By Malinda Seneviratne –
‘Podu Apekshakaya’ (common candidate) screams one set of people. ‘Podu apekshaawa’ (common hope) screams another. We are in ‘podu’ or ‘common’ days. The days of the people. Common people. Voters, to be precise.
The ‘commoners’ have got their once-every-six years (well, every four years, since of late) moment. They will be salaamed. They will be placated with promises. They will be championed. They will be promised better representation. This is also the moment of the politician, therefore. Politicians, friends, are full of promises.
But where is the ‘common’ truly located in our economy, in our political structures, in the institutional arrangement? The ‘common’ are spoken for, but they rarely speak. It’s all a hand-me-down system. The benefits of development rise up; what goes ‘down’ is a trickle. Decisions are top-made and then handed down. There are of course those who rose from the ‘commons,’ let’s say, but there’s little commonness in them. This is true of those in power and those who aspire to replace them.
The people vote. The people choose. Then never get candidates who are at the time of candidacy like them. This is why candidates refer to roots, humble beginnings and commonality – all of which have to be spoken of in the past tense. If there are ‘common’ candidates (and there are), they don’t have a chance in hell of making any kind of impact on the outcome of major elections. They are also-rans. The political economy of elections is just not skewed in favor of the common.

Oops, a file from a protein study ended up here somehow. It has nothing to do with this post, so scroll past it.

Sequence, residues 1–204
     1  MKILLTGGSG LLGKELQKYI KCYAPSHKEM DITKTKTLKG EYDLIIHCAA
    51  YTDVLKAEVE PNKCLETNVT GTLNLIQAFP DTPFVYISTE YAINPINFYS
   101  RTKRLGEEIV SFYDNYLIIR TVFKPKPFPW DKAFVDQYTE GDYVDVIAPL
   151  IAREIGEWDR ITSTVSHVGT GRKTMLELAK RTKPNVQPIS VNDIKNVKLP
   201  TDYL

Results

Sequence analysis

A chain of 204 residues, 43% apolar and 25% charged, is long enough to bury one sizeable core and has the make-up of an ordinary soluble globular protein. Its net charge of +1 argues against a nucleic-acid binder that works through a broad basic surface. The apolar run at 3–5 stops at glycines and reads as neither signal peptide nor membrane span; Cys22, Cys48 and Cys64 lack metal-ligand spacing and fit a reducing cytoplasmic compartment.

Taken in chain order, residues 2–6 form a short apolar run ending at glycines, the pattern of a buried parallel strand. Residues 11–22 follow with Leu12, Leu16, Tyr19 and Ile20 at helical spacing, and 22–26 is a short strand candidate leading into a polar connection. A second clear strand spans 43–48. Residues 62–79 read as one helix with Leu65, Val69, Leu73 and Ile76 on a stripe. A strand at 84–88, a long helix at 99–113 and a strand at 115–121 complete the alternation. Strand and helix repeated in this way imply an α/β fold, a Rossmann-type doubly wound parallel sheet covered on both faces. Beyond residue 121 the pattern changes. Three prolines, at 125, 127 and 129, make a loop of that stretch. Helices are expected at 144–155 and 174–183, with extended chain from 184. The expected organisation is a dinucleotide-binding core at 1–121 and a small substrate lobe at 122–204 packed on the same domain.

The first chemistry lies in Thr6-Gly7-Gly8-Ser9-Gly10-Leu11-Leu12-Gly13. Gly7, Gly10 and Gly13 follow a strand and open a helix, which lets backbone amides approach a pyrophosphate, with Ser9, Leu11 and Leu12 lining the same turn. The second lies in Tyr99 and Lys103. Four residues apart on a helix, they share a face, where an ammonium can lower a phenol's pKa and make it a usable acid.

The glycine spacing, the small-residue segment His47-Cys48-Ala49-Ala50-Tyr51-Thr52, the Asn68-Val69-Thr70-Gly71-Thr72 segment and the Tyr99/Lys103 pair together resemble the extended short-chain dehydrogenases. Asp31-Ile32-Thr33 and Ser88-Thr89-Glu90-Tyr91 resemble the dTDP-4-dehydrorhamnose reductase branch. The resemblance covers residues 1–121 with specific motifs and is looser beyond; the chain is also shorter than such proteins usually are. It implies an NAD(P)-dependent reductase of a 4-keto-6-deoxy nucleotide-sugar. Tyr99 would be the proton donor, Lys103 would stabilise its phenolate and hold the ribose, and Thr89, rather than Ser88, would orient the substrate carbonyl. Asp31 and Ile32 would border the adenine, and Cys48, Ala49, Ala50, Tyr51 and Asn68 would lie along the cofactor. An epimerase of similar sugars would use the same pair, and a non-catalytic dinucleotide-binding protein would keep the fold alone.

In the coming weeks when ‘the common’ are supposed to take center stage, you won’t find anyone of that overwhelming majority on any of the political platforms. Well, there could be a few actually, but they’ll probably be doing security duty or an usher’s job or handing out drinks to the worthies who get to speak. The commoners will be spoken to and spoken for, but they will not speak. They’ll cheer, sure, but that’s small consolation all things considered in a representative democracy.
It is not that the entire voting population is deluded. They know all this. It is not that they are in a feudal bind. They know of fetters, they know what’s what, what’s pragmatic to expect and naïve to demand. So they express preference not so much because they are swayed by ‘common’ rhetoric but the possible tidbits that might come their way.
This is why there’s no such thing as a podu jana pethuma (common people’s hope) or podu jana apekshakaya (common people’s candidate). What are really out there are candidates. Real, live candidates. Personal agendas. Personal ambitions. Voters, as such, are just temporary necessities to secure such things. Dispensable the moment-after.
Should the common voter just stay home on election day, though? No. Like those uncommon but commonality-pleading politicians they vote for, voters weigh consequences, calculate risks, consider relative merits. They compare. They contrast. They watch. They wait.
For now, ‘the common’ are ok with ‘go along with it’. They are ok with being spoken for. They are ok with being silent, marginalized or seldom heard. The system will survive and part of the reason is the slight rise in hope that change and possible-change bring. But there could come a time when ‘the common’ might wonder if the whole this is not just a farce but a process that is geared to scribble a descriptive addition to their tag to make them ‘common suckers’.
People don’t like being insulted. They will suffer robbery. They will live through exploitation. Humiliation is something else. This is election time. It is also a time of massive humiliation. The candidates should at least be conscious of this.
Just don’t take ‘the common’ for granted.
*Malinda Seneviratne is the Chief Editor of ‘The Nation’ and his articles can be found at www.malindawords.blogspot.com